“I wish our president would treat ... women with more respect,” Melinda Gates says in an annual letter that also addresses the Gates Foundation’s outsized influence and controversial education programs.
The annual letter from Bill and Melinda Gates usually paints a rosy view, with carefully curated success stories from the battle against global disease and poverty, and praise for new technologies backed by the Gates Foundation.
But for this year, the co-founders of the world’s richest philanthropy have instead opted to answer a selection of critical and skeptical questions about the foundation’s work and the power it wields.
Among them: “Why don’t you give more in the United States?” “Does saving kids’ lives lead to overpopulation?” And “Is it fair that you have so much influence?”
The Gateses also address the impact of President Donald Trump and his policies, a topic about which both have been largely circumspect.
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“I believe one of the duties of the president of the United States is to role model American values in the world,” Melinda Gates wrote. “I wish our president would treat people, and especially women, with more respect when he speaks and tweets.”
Bill Gates said he’s concerned by Trump’s focus on “America First,” and his proposal to slash foreign-aid funding. “The world is not a safer place when more people are sick or hungry,” Gates wrote.
Although the Gates Foundation has worked with every presidential administration since its founding, Bill Gates said they “disagree with this administration more than the others.”
On the question of philanthropy at home, the Gateses acknowledge that the $500 million they spend in the United States each year — mostly on education — pales compared to the $4 billion the foundation spends in developing countries. That reflects the foundation’s conviction that it can save more lives in poorer countries, where investments in simple solutions like vaccines can have big payoffs.
But the Gateses also say they are looking for ways to expand their work in the United States, particularly to help people move up the economic ladder.
Last fall, the couple who are better known for visiting villages in Africa and India took a trip to Atlanta to learn more about the lives of poor Americans. Residents of an apartment complex pointed out mold growing on the walls and explained how they hide their children in the bathtub when gunfire breaks out. A single mom described how she was evicted from her apartment while in the hospital with her newborn son.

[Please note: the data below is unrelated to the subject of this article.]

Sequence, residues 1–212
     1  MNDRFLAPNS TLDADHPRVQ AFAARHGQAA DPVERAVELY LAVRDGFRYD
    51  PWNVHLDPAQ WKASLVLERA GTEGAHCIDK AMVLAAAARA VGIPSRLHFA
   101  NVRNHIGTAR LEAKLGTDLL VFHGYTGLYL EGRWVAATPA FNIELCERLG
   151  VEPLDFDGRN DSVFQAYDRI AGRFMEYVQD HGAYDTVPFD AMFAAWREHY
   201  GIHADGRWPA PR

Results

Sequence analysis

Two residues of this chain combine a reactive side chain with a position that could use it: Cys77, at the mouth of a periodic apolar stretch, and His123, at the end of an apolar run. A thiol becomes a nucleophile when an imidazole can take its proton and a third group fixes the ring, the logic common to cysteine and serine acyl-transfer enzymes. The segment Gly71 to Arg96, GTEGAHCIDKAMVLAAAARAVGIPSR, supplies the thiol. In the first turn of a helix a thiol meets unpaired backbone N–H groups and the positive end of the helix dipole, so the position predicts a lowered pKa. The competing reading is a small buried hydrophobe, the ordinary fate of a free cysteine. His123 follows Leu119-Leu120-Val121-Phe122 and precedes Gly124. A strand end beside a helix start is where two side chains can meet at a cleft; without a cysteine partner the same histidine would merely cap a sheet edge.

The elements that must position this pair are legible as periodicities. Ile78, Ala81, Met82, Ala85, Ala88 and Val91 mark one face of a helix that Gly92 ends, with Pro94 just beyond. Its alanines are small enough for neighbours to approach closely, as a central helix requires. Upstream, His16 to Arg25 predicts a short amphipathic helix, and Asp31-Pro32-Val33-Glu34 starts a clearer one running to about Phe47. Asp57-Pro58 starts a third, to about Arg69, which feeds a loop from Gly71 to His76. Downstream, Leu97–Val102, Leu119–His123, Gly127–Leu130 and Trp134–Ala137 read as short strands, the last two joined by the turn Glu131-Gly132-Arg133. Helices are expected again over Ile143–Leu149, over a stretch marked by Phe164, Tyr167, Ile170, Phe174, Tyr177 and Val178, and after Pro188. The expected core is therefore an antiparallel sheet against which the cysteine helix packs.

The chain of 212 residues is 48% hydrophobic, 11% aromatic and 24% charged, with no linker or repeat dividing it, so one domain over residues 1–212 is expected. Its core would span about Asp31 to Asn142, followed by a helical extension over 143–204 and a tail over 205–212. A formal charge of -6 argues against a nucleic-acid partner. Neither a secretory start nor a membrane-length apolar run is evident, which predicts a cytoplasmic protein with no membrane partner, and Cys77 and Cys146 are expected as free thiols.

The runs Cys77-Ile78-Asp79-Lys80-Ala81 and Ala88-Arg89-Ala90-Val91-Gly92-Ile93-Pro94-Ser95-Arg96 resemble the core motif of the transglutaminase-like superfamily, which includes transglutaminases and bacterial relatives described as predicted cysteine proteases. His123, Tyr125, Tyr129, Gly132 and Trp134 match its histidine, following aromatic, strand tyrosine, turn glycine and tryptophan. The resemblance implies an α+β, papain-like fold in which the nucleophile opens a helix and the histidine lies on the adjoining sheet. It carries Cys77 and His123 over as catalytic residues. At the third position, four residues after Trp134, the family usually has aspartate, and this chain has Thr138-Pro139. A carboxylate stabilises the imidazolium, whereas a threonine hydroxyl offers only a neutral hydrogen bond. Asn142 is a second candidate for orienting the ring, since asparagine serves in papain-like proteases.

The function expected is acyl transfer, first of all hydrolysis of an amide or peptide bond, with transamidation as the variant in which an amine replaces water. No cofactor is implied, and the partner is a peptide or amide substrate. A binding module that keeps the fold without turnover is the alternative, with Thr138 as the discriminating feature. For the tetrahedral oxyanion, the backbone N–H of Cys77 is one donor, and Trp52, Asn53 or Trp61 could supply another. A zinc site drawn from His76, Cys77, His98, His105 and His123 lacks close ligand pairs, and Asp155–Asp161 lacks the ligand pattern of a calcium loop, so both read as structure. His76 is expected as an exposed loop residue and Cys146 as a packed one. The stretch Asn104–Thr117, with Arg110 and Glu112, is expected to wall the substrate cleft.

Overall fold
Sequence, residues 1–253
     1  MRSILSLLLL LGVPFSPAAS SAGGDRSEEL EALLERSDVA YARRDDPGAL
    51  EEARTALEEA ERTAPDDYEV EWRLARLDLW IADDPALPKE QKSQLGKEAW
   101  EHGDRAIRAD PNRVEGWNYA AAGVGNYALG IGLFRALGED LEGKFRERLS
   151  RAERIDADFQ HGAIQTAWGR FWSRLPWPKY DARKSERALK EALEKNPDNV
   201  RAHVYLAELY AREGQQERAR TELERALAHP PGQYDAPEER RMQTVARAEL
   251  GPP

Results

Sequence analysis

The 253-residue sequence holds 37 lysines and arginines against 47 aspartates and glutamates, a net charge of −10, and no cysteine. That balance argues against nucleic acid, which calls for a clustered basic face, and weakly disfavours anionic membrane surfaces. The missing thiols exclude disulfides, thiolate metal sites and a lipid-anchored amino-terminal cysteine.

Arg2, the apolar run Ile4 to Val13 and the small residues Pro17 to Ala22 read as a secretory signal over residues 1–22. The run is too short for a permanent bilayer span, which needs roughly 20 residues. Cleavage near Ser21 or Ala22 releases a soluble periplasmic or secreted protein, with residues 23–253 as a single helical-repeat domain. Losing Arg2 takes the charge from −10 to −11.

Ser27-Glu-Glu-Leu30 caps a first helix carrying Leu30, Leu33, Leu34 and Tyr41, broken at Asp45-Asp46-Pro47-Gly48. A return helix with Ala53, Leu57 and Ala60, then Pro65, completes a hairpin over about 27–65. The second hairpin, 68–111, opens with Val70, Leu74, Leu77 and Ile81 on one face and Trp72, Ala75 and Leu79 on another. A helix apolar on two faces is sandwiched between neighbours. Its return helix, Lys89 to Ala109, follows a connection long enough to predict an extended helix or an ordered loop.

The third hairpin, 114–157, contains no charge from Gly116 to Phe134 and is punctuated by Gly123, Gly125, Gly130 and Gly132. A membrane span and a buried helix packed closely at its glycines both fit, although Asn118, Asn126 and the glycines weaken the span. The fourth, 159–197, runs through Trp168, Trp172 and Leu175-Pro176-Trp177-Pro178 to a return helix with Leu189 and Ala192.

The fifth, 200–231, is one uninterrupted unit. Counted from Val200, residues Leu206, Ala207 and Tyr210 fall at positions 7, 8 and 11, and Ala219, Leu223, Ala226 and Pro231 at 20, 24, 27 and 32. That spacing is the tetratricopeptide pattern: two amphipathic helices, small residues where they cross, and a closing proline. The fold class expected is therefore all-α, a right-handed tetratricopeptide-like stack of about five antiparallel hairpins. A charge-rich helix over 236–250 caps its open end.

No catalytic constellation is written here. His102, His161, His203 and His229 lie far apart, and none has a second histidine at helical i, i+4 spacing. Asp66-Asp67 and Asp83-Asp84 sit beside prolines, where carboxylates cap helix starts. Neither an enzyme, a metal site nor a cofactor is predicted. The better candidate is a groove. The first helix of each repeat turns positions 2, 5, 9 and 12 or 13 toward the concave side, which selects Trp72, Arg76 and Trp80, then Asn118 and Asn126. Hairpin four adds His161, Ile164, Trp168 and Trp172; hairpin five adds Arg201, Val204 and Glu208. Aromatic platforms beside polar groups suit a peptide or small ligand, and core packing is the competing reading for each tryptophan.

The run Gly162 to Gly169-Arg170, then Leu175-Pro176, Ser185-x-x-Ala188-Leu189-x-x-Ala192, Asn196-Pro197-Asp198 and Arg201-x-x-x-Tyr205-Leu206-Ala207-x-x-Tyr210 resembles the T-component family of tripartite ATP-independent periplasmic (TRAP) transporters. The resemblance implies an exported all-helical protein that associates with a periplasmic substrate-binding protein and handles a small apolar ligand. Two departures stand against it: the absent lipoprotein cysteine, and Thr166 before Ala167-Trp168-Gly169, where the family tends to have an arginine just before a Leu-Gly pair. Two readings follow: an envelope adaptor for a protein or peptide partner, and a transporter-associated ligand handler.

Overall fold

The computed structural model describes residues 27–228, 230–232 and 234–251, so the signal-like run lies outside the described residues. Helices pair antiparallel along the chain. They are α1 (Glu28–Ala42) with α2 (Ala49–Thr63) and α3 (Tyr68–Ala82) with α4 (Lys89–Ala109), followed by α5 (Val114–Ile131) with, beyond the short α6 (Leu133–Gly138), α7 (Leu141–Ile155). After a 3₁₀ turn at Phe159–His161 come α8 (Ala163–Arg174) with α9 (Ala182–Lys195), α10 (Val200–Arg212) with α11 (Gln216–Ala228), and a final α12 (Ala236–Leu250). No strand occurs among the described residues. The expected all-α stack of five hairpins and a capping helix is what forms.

“The visit made us think through other ways we could help people get out of poverty,” Bill Gates wrote. “We haven’t decided how what we’ve been learning might affect our giving, but it has certainly had an effect on us.”
In the United States, the Gates Foundation’s education programs have met with resistance and criticism, as reflected by a question in the letter that asks: “What do you have to show for the billions you’ve spent?”
“A lot, but not as much as either of us would like,” Bill Gates answered.
After an early push to cut classroom size didn’t pan out, the foundation supported programs to boost low-performing high schools and evaluate teachers. Now, instead of imposing certain approaches, the foundation is working with schools to develop local strategies to help students succeed.
The question of saving children versus overpopulation in poor countries is one that Melinda Gates said she and her husband asked themselves early in the foundation’s history. The answer may seem counterintuitive, she wrote, but the evidence is clear in historical birth trends from around the world.
“When more children live past the age of five, and when mothers can decide if and when to have children, population sizes don’t go up. They go down,” the letter says.
Melinda Gates also acknowledged that the foundation wields outsized influence because of her family’s vast wealth. An analysis by the Institute for Policy Studies estimated that America’s three richest people — Jeff Bezos, Bill Gates and Warren Buffett, have more money than the 160 million Americans at the bottom of the economic ladder combined.
Wealth opens doors that are closed to most people, Melinda Gates wrote. “World leaders tend to take our phone calls seriously … Cash-strapped school districts are more likely to divert money and talent toward ideas they think we will fund.”
But she and Bill Gates both argue that they strive to use their influence to help as many people as possible and to act as an incubator for innovative approaches.
“Although we have had some success,” Melinda Gates wrote, “ I think it would be hard to argue at this point that we made the world focus too much on health, education and poverty.”